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Applied Micro Provides ARM Boost to openSUSE Build Service for Linux
The openSUSE Build Service (OBS) has a long history dating back to January 2007, when it was first announced. For the majority of its lifespan, OBS has enabled developers to easily build Linux packages for x86, but in recent years, ARM has become increasingly important.
OBS has now officially gained access to a new 64-BIT ARM capability, courtesy of Applied Micro, which donated a number of servers for development. OBS enables developers to build packages in any number of formats for different Linux distributions.
"The openSUSE Build Service was certainly able to build/compile for ARMv8 prior to this donation using emulated compilation environments," David Byte, senior technology strategist for SUSE, told ServerWatch. "What this donation of hardware does is provide native ARMv8 build power."
Byte added that having native ARMv8 for OBS to build Linux packages provides greatly improved performance of the build environment, and it also simplifies the support and administration of the infrastructure to do so.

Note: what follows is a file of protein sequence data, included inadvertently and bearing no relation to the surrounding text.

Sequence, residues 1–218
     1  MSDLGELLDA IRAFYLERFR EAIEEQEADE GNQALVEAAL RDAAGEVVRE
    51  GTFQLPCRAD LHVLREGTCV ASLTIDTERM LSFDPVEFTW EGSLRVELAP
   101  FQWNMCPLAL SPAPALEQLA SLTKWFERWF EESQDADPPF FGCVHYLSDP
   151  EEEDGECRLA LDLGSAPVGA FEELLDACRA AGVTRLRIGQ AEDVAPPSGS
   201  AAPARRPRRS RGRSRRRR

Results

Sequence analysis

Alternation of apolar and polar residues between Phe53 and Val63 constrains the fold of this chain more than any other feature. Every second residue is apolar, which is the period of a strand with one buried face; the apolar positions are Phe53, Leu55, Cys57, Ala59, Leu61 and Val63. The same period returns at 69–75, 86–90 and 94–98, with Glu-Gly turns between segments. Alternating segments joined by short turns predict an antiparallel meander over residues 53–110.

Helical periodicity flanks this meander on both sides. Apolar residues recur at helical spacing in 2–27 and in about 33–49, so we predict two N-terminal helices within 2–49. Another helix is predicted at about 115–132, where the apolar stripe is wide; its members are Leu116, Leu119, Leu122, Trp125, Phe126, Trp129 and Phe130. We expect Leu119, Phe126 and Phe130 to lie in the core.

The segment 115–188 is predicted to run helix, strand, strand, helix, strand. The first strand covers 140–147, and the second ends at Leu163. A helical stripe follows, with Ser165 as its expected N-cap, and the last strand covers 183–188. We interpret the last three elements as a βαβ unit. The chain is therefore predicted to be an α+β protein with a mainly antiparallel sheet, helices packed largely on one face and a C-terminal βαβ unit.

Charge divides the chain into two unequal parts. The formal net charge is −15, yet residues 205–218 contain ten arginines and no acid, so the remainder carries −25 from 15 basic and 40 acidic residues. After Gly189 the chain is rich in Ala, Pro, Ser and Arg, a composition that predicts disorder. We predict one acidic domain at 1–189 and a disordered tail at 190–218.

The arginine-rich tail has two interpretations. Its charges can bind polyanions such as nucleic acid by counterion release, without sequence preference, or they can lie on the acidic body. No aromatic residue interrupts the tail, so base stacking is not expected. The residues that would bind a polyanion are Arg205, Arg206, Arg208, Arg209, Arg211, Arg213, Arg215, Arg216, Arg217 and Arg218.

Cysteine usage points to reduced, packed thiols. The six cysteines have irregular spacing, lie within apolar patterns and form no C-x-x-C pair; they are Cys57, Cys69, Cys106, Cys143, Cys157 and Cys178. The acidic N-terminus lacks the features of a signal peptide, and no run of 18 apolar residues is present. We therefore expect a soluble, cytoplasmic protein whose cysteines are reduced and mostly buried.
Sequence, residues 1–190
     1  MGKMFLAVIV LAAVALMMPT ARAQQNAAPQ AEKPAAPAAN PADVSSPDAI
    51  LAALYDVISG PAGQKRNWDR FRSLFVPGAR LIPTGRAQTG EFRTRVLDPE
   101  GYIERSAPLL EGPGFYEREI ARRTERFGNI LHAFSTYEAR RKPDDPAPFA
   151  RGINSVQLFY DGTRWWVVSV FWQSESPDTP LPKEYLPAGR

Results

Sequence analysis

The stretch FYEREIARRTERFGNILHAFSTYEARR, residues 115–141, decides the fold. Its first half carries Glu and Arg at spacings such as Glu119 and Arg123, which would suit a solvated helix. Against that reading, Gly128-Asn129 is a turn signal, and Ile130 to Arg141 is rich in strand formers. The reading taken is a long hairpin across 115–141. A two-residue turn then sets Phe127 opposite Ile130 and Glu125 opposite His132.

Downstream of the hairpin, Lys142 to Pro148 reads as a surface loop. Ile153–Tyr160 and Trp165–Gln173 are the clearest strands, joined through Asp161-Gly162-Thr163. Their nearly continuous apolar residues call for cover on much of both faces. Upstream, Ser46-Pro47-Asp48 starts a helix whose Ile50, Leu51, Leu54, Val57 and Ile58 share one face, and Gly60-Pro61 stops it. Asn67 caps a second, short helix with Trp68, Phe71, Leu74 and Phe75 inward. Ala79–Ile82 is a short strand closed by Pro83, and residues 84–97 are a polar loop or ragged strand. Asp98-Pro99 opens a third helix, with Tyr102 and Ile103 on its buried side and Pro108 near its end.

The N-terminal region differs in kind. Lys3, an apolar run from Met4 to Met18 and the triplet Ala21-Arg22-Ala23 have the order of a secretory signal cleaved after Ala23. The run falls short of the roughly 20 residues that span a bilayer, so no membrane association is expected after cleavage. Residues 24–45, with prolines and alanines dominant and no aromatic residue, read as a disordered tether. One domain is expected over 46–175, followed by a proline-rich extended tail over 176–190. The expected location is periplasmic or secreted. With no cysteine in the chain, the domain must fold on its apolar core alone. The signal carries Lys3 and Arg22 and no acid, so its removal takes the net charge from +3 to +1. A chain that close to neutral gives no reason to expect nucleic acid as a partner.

"The obvious benefit of this is that more packages can be built in less time," Byte said. "This is extremely important as the software ecosystem continues to grow around ARMv8."
Overall, Byte emphasized that at SUSE, ARM continues to move forward. SUSE made a major ARM announcement last July, bringing SUSE Linux Enterprise 12 to 64-bit ARM processors and has had traction since from partners and customers to the effort.
Perhaps the most visible SUSE ARM effort came with the announcement last fall of the launch of SUSE Enterprise Storage 2, which including the participation of SoftIron, Cavium and StackVelocity in an effort to bring commercially-supportable Ceph solutions to market on ARMv8 hardware.
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